Join Lucienne Boyce, the author of ‘The Bristol Suffragettes’, on International Women’s Day, 100 years after some women were granted the right to vote.
In November 1909, four women in Bristol were sent to Horfield Prison after they broke windows in the centre of Bristol as part of a series of militant suffragette protests against the government.
Another woman assaulted Winston Churchill, at that time a Liberal MP, at Temple Meads Railway Station and was sentenced to a month in Horfield where she went on hunger strike.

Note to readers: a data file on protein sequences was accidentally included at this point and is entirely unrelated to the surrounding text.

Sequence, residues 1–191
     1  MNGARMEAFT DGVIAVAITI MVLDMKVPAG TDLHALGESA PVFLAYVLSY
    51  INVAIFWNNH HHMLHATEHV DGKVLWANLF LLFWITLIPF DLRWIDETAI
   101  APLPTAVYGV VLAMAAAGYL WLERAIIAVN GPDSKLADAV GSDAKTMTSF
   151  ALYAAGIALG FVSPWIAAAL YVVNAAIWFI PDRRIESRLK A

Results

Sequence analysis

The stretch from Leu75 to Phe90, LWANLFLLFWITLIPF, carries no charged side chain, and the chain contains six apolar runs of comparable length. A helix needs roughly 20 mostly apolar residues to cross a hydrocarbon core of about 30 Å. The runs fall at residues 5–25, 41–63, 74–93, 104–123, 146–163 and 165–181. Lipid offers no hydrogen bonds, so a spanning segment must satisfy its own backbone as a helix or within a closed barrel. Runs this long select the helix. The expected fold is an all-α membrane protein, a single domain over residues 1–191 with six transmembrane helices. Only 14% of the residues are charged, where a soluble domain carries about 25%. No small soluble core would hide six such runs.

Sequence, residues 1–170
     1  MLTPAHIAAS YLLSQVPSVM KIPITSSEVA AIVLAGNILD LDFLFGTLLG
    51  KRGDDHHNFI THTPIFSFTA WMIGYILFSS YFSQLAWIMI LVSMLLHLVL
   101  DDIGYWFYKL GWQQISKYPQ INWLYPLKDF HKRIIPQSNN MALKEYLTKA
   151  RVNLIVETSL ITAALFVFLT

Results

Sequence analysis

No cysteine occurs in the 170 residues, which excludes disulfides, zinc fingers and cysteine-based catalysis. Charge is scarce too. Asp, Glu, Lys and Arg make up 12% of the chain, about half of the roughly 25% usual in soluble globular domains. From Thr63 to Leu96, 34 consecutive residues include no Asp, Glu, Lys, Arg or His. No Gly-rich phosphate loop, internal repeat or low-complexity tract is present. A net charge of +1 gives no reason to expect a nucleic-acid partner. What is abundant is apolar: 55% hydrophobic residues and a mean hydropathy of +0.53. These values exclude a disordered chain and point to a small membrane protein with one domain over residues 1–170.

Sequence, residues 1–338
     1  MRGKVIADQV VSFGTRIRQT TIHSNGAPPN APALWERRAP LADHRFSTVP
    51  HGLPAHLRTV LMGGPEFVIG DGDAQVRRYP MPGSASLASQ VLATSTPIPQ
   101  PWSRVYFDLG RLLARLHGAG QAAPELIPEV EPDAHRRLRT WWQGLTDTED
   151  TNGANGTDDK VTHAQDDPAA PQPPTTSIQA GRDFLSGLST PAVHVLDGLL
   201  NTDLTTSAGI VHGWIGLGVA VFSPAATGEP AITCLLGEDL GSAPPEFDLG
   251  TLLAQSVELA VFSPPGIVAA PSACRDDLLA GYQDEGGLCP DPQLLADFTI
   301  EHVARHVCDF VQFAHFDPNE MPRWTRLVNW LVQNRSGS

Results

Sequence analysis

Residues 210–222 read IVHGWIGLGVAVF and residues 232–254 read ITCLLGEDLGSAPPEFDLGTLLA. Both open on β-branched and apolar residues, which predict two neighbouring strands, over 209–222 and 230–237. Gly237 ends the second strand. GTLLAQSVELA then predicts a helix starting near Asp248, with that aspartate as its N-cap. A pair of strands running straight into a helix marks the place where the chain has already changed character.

Who were these women, and why did they behave as they did? Were their targets selected at random, or is there more behind these militant attacks? And why was Bristol a focus of suffragette militancy?
In this talk, Lucienne will use records from Bristol Archives to tell the story of these Bristol suffragettes and consider the way national and local politics influenced the course of the militant suffrage campaign in the city.
Speaker: Lucienne Boyce is the author of ‘The Bristol Suffragettes‘